Here’s a frequently asked insurance question that I get quite often: Why is my house insured for a different amount than what I paid for it and its bank-appraised value?
Your purchase price should equal market value when you buy a house. The bank-appraisal confirms that so if you default the bank can foreclose, sell the house at market value and recover their mortgage proceeds. The bank doesn’t care if your house burns down as long as you have adequate insurance.
In the event of a loss your insurance company has agreed to rebuild your house, not just write a check for market value. So your house is not insured at market value, it’s insured at current replacement cost. In calculating current replacement cost, the insurance company excludes the value of your land and estimates how much it would cost to rebuild your house today. Current replacement cost can be different and generally higher than market value for a number of reasons:
- If a new home, your purchase price may reflect a deal from the builder relative to construction cost.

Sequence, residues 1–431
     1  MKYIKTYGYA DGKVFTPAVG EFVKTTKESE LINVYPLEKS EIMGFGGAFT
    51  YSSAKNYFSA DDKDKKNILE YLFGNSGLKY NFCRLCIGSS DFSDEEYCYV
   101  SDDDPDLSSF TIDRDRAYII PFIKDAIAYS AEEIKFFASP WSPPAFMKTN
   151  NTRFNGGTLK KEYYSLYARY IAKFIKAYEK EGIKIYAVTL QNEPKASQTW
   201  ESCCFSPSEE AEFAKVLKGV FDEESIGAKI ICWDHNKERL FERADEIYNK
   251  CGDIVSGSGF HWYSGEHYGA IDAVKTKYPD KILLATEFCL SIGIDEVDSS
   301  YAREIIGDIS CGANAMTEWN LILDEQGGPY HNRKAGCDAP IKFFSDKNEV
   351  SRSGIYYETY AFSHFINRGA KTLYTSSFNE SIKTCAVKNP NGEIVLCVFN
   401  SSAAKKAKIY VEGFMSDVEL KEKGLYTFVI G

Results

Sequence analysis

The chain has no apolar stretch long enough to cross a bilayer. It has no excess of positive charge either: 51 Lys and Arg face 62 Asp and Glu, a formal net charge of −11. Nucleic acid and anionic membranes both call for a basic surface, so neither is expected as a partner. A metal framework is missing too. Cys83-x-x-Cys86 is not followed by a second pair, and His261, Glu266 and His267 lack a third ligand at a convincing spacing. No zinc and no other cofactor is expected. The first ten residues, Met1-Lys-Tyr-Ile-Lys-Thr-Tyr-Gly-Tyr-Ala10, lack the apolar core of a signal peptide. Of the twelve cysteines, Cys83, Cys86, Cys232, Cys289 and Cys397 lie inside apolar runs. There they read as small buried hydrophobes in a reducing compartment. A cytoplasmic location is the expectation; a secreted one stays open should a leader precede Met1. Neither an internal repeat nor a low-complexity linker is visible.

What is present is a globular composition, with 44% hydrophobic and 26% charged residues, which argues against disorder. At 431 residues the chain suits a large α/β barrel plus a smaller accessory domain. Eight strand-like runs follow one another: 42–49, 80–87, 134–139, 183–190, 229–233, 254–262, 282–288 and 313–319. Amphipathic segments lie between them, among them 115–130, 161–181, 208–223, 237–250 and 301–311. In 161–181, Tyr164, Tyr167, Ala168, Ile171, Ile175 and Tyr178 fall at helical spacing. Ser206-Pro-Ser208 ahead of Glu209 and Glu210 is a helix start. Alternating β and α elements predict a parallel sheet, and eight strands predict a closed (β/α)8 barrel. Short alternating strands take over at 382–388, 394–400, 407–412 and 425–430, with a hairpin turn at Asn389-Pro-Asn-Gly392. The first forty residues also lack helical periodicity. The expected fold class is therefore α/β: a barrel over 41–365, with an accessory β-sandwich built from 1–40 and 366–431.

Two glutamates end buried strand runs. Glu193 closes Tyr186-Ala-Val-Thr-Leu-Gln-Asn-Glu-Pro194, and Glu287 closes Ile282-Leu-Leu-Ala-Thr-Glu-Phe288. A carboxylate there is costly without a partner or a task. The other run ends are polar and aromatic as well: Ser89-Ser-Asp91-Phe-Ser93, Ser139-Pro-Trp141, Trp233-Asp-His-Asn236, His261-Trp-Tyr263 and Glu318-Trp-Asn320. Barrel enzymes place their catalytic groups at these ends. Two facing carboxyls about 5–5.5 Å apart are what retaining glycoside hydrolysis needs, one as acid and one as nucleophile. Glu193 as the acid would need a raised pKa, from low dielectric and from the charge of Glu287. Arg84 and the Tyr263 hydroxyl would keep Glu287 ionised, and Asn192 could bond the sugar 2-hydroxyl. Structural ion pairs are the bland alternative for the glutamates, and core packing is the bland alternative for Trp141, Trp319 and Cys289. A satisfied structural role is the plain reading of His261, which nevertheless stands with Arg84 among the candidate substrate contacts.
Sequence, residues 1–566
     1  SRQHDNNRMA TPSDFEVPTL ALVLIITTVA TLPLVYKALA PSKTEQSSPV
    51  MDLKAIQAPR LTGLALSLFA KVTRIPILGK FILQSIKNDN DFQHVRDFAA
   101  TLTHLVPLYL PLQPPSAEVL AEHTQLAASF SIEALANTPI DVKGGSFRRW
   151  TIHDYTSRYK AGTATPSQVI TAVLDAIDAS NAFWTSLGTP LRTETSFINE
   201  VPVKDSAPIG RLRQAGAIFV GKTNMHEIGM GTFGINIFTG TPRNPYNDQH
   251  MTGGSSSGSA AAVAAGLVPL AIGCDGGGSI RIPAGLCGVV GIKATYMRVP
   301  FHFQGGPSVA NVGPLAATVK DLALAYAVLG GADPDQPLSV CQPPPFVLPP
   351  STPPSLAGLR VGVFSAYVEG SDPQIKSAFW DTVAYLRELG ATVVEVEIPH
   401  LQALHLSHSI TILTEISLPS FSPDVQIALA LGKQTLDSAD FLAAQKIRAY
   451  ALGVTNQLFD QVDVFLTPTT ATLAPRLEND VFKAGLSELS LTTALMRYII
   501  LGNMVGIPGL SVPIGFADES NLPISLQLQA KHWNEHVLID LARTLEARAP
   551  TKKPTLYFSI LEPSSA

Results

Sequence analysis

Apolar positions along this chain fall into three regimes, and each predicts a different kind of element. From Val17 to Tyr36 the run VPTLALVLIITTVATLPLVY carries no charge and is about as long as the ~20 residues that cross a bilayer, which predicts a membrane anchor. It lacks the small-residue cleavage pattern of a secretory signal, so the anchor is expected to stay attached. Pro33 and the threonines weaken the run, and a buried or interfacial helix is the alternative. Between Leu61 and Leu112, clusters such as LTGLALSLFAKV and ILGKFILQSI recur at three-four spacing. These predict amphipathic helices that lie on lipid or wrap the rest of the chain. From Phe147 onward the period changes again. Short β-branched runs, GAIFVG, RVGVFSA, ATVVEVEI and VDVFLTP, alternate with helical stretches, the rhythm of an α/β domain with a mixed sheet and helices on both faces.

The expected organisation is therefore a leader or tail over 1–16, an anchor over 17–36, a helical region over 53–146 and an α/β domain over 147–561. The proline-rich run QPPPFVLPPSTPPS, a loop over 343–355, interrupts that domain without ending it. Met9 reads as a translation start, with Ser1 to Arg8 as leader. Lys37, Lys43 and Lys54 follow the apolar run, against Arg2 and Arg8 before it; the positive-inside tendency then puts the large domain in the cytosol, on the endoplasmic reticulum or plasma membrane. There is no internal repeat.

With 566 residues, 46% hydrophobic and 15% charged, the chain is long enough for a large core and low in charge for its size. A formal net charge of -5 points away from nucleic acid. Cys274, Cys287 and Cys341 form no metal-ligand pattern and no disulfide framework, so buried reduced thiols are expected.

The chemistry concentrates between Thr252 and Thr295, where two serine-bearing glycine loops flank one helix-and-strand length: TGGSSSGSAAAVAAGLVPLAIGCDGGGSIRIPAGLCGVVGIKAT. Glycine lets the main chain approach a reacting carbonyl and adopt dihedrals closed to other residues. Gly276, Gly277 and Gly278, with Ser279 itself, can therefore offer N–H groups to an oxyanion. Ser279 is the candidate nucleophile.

- If a previously occupied home, your purchase price will reflect general trends in real estate prices since its construction unrelated to construction costs. For example, houses purchased right after the crash generally have market prices well below construction costs.
- The cost of construction labor and materials goes up over time at a different rate than the market appreciation/depreciation of your house.
- When your house was built it was likely part of a multi-home project where the builder received significant volume discounts on labor and materials which he built into the sales price. If your house needed to be rebuilt, those volume discounts would not be available.
In the residential real estate market over the last eight years, replacement cost has been generally higher than purchase prices. When purchase prices begin exceeding replacement costs, you will see a lot more new houses being built.